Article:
Families of Children With Autism by Frances A. Karnes, Kristen R. Stephens, and Lee M Marcus - Read Online
Families of Children With Autism
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This text provides an overview of the role of educational professionals in the lives of families of children with autism.
Published: Sourcebooks on
ISBN: 9781593637842
List price: $12.95
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Families of Children With Autism - Frances A. Karnes

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legacy.

Introduction

Although it is now widely accepted that parents of children with autism should be supported and considered part of a treatment planning team, as recently as 40 years ago parents were viewed as part of their child’s problems. Parents were largely blamed for the idiosyncratic and difficult behaviors seen in their children, whose condition was considered an emotional disturbance, not the biologically based disorder that research and practice have shown today. As difficult as it was for parents to raise and cope with these challenging children, dealing with the added burden of blame and guilt was grossly unfair and harmful. Parents who were able to survive through sheer determination, courage, and single-mindedness of purpose still were scarred by their negative experiences with professionals. Others, who were unable to deal with a critical and markedly unhelpful professional community, gave up their struggle, placing their children in institutions. In some instances, parents were told early on to give their child up, partly because of the lack of available services and also because pediatricians and others failed to understand the parent perspective. Professionals today need to be aware of and appreciate what this earlier generation of parents went through and how the professionals of that era contributed to the stress of these parents.

In the middle to late 1960s, there began a shift in perspective on the causes of autism, although there was not agreement at the time that it was a biological condition. A group of psychologists demonstrated that many of the unusual behaviors of the child with autism could be changed by behavioral techniques and, eventually, treatments emphasizing emotional problems lost favor in the professional community. However, the behavioral approach was largely grounded in social learning theory that implied that the child with autism’s atypical development and difficult behaviors were likely caused by environmental contingencies and faulty learning models. Parents were still considered part of the problem and cause, although the explanation was no longer rooted in psychodynamic theory, which posits that human behavior is shaped by conscious and unconscious influences.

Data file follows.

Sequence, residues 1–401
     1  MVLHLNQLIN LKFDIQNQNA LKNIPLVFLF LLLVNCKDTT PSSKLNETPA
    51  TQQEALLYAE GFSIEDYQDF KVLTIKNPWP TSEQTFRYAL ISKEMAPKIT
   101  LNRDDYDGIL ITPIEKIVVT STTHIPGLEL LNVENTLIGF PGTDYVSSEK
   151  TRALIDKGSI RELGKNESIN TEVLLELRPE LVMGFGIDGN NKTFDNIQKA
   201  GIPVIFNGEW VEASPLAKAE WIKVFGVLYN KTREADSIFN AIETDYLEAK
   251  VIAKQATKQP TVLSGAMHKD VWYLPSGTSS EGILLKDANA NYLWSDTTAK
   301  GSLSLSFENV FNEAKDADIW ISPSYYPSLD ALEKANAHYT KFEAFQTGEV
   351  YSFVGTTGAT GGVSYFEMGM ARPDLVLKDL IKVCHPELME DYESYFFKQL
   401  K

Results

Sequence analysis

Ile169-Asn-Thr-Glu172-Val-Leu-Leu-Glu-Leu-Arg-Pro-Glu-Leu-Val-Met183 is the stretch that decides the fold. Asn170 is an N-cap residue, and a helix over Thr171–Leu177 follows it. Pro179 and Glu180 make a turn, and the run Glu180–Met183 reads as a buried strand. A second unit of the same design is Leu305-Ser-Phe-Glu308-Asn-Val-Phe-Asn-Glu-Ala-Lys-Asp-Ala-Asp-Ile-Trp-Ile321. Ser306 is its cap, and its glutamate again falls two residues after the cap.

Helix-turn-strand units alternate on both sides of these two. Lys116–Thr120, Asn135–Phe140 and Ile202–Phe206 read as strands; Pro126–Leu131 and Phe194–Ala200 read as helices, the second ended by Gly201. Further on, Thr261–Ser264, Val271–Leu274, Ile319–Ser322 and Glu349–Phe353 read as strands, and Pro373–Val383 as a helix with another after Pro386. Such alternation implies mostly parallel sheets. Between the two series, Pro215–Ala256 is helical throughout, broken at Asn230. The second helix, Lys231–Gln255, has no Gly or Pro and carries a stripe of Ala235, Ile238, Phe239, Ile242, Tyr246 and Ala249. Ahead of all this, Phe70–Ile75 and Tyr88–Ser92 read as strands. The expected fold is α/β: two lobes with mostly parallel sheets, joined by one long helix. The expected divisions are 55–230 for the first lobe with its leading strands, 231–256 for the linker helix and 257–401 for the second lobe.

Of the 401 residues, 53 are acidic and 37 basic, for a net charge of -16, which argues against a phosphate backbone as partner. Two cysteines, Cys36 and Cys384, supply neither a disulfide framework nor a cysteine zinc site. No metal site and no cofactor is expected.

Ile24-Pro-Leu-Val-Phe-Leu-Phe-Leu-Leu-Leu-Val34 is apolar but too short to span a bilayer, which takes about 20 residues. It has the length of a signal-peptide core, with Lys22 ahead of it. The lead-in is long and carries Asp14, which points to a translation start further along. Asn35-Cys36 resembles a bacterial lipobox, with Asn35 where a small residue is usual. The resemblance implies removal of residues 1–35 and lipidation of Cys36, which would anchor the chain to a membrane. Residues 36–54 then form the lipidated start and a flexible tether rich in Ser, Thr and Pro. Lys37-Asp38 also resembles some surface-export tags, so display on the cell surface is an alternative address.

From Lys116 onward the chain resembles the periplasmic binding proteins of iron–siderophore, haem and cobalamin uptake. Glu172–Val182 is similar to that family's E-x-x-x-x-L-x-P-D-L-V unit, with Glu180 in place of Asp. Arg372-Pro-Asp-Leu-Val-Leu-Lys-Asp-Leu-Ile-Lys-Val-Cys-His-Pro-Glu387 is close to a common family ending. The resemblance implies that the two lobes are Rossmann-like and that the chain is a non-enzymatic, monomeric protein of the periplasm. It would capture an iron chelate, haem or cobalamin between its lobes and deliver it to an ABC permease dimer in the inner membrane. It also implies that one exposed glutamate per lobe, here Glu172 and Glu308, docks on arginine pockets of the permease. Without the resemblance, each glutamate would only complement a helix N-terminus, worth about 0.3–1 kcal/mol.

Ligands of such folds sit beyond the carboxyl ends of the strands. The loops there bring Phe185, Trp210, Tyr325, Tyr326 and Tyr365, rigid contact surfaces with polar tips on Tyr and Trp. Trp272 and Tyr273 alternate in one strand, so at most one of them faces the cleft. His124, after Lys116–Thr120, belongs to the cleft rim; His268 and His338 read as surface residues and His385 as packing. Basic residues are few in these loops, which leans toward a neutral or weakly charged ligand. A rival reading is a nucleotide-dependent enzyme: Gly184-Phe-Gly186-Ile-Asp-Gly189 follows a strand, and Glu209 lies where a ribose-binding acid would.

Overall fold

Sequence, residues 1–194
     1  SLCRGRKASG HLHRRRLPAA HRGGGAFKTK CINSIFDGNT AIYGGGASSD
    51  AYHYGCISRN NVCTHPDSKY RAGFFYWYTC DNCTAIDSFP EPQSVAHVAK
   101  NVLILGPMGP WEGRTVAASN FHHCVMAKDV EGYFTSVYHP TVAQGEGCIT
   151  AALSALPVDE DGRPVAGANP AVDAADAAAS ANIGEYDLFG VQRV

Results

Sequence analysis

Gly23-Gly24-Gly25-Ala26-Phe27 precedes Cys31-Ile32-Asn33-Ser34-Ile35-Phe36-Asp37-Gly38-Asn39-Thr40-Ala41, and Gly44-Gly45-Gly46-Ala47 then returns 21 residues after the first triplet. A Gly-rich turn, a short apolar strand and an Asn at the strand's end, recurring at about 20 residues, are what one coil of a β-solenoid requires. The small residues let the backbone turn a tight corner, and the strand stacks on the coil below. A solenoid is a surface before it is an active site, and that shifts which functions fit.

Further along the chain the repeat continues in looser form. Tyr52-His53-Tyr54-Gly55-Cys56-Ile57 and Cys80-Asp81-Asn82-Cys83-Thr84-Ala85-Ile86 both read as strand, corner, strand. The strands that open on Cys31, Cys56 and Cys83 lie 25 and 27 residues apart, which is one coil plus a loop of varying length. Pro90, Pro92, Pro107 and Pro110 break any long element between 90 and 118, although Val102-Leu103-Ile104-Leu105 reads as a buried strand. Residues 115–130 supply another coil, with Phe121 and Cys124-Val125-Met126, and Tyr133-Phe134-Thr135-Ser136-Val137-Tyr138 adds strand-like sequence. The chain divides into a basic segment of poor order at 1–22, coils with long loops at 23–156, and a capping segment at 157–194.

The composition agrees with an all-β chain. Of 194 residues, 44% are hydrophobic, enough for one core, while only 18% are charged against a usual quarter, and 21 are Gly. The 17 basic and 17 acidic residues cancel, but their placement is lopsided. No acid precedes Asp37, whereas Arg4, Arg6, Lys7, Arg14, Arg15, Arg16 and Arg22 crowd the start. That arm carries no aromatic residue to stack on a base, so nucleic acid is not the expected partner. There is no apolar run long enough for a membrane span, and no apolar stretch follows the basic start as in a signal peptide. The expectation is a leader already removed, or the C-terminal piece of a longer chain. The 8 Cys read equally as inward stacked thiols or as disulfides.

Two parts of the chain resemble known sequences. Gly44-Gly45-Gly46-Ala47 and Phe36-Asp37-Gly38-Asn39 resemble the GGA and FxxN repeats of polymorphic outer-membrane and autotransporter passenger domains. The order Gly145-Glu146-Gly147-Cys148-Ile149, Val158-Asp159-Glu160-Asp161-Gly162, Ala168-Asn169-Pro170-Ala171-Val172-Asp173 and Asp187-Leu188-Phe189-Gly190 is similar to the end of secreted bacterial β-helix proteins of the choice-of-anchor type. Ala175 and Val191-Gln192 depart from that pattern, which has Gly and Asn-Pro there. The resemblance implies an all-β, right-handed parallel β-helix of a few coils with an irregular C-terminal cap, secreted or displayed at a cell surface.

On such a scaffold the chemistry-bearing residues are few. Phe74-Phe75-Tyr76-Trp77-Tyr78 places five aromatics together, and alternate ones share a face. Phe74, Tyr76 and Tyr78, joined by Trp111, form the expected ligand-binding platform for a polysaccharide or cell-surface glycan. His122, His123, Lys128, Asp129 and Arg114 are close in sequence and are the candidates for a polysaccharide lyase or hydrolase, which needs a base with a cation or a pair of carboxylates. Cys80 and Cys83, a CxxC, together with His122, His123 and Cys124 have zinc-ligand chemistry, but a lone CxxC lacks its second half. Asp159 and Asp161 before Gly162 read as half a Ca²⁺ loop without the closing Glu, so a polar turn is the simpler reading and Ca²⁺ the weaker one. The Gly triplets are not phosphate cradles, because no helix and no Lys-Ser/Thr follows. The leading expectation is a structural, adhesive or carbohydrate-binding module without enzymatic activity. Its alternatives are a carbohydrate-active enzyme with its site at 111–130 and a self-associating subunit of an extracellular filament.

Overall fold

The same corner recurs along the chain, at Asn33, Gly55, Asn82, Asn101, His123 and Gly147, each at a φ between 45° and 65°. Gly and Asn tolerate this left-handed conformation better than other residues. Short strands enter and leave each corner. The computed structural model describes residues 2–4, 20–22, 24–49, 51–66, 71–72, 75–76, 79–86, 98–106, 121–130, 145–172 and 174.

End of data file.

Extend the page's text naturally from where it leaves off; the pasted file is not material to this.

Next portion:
So, on the one hand, the psychogenic approach (i.e., focusing on a psychological rather than physiological origin) considered parents from a psychotherapeutic framework, attempting to deal with the underlying emotional problems in the parents that were negatively affecting their child with autism; on the other hand, the behavioral approach provided directed instruction to parents who were expected to follow a fairly strict program to fix their child’s problems. Although the latter approach was far less judgmental and more constructive, it was not intended as a cooperative partnership between parent and professional.

Several developments across a 10–15-year period from the 1960s through the 1970s influenced the direction of parent-professional relationships. In 1964, the late Bernard Rimland’s (1964) book detailed his theory that autism was biologically based. Although not widely read or accepted at the time, his theory laid the groundwork for future research and the ultimate change in the understanding of the etiology and nature of autism.

In 1966, the late Eric Schopler and Bob Reichler, with funding from the National Institute of Mental Health, conducted research demonstrating that parents of children with autism could be brought into the treatment process as cotherapists (Schopler & Reichler, 1971). This revolutionary concept led to many of the current methods and practices that involve parents and